4. Exercise: the journey starts with one step. Ten months ago, I hated to exercise. Well, I can't really say that I hated to exercise because I never exercised, but I just knew I'd hate it. I started very easily, going out at lunchtime and walking in midtown Manhattan, 15 minutes in one direction and then 15 minutes back. By the time I got back to my office, I was out of breath. Then, I started walking to and from Penn Station every day. After about 4 weeks of this, I joined a gym.
5. The Gym: become a regular. Oh, man, my first day at the gym was a disaster. I didn't have a lock, so stuffed my suit in my gym bag and carried around with me. I could barely figure out how to work the treadmill. It was like I had a bulls eye on my back. My workout for the day was a weak 20-minute walk on the treadmill. I was winded, but I barely felt like I deserved the shower I took. But I survived, and I went back the second day, and so on.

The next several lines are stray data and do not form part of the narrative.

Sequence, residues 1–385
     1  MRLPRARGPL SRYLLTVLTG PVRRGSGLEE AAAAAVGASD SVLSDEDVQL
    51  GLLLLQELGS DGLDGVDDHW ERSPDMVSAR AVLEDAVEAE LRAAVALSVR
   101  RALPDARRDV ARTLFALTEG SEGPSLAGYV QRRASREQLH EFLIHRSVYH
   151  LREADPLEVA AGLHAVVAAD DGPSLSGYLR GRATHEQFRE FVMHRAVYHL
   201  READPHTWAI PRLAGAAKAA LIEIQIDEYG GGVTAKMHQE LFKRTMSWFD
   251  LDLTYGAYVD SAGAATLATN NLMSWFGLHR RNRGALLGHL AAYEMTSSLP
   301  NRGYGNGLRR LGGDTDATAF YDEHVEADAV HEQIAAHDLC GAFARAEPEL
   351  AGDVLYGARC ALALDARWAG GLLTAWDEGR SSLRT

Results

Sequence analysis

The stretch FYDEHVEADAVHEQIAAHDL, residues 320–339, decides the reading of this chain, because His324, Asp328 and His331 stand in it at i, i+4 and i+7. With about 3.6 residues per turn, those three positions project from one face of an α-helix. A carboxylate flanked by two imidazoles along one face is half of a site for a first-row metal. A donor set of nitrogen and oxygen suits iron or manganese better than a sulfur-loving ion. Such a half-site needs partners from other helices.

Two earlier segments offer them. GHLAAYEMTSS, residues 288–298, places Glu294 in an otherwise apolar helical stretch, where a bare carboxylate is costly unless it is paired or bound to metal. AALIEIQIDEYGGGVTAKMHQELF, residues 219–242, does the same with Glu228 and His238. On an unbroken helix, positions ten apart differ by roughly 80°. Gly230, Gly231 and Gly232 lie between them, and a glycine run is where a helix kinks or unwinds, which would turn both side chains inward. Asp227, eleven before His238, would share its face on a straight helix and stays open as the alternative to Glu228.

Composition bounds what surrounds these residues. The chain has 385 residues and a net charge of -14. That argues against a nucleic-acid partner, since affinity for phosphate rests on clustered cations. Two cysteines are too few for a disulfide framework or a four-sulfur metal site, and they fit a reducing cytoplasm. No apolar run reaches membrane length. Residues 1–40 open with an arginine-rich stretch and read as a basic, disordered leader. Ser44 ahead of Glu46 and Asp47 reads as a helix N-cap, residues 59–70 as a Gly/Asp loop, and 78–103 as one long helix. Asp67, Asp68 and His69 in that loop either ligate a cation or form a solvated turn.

Now, I know what you're thinking: "I don't have time for the gym." Sorry, I can't buy this one. I spend 3 hours and 20 minutes commuting on a train to NYC each day, I work at an extraordinarily demanding law firm, and I still take an hour 3-4 times most weeks to get to the gym. Find your sneakers and MAKE EXERCISE A PART OF YOUR ROUTINE.
6. Exercise: set attainable goals. Let's face it, you're out of shape. You're a long way from running 45 minutes on a treadmill, so get it out of your head. First, make it your goal to get to the gym. Second, walk for 30 minutes for a couple times a week for 2 weeks before you try anything more strenuous. Third, try the elliptical and get your heart rate to about 130-140 for 30 minutes. Do this for 4 weeks. You'll find over those 4 weeks that you have to work harder and harder to get your heart rate to 140 -- this means that your body's cardiovascular system is getting more efficient. Just last week, it took me to resistance level 15 (and a fast speed) on the elliptical to get to a heart rate of 140; it used to be that level 1 at only a moderate speed would get me to 145 and sweating bullets.
7. Use training programs. It's amazing how motivated you can be when you have a set plan. Here are a few that worked for me:
(a) the hundred pushups program (an amazing program that will get you from 0 to 100 consecutive pushups in just 6 weeks);